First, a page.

Nymphaea odorata subsp. tuberosa

(Paine) Wiersema & Hellquist

Rhodora96: 170. 1994

Common names: Nymphéa tubéreux
Basionyms: Nymphaea tuberosa
Found in FNA Volume 3.
Rhizomes often constricted at branch joints to form detachable tubers. Leaves: petiole green with brown-purple stripes, stout. Leaf blade abaxially green or faintly purple. Flowers: petals white, rarely pink, elliptic to oblanceolate, outer usually with broadly rounded apex. Seeds mostly 2.8-4.5 mm.

Phenology: Flowering late spring–summer.
Habitat: Mainly alkaline ponds, lakes, and sluggish streams and rivers, usually in very oozy sediments
Elevation: 100-400 m

Distribution

Man., Ont., Que., Conn., Ill., Ind., Iowa, Kans., Maine, Mass., Mich., Minn., Mo., Nebr., N.H., N.Y., Ohio, Okla., Pa., Vt., Wis.

Discussion

This taxon, which has been included within Nymphaea odorata by some recent workers, was formerly almost universally accepted as a distinct species. In the southern parts of the range of subsp. tuberosa, where subsp. odorata is absent, subsp. tuberosa is easily distinguished morphologically from subsp. odorata. Farther north, where their ranges overlap, the distinctions break down in some populations but are maintained in others. Some western populations are probably the result of introductions. A pink-flowered form seen in southeastern Ohio appears to be derived from this subspecies.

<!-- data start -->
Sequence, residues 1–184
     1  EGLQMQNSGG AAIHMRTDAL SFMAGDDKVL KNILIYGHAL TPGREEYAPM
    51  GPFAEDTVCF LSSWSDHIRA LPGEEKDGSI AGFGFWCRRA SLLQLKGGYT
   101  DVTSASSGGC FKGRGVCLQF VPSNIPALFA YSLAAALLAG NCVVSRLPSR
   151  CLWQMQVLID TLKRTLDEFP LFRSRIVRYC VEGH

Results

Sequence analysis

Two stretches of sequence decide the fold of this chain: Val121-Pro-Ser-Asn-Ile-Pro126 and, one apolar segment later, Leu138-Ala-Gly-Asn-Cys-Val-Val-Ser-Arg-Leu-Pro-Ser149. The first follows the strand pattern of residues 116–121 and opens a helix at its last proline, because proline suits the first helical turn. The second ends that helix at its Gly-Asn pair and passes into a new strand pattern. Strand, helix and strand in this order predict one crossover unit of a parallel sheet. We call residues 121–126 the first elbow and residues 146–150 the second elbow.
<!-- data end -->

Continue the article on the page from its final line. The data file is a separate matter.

References

None.

AuthorJohn. H. Wiersema + and C. Barre Hellquist +
BasionymNymphaea tuberosa +
Common nameNymphéa tubéreux +
Elevation100-400 m +
HabitatMainly alkaline ponds, lakes, and sluggish streams and rivers, usually in very oozy sediments +
IllustratorJohn Myers +
PhenologyFlowering late spring–summer. +
ReferenceNone +
Taxon nameNymphaea odorata subsp. tuberosa +
Taxon parentNymphaea odorata +
Taxon ranksubspecies +
VolumeVolume 3 +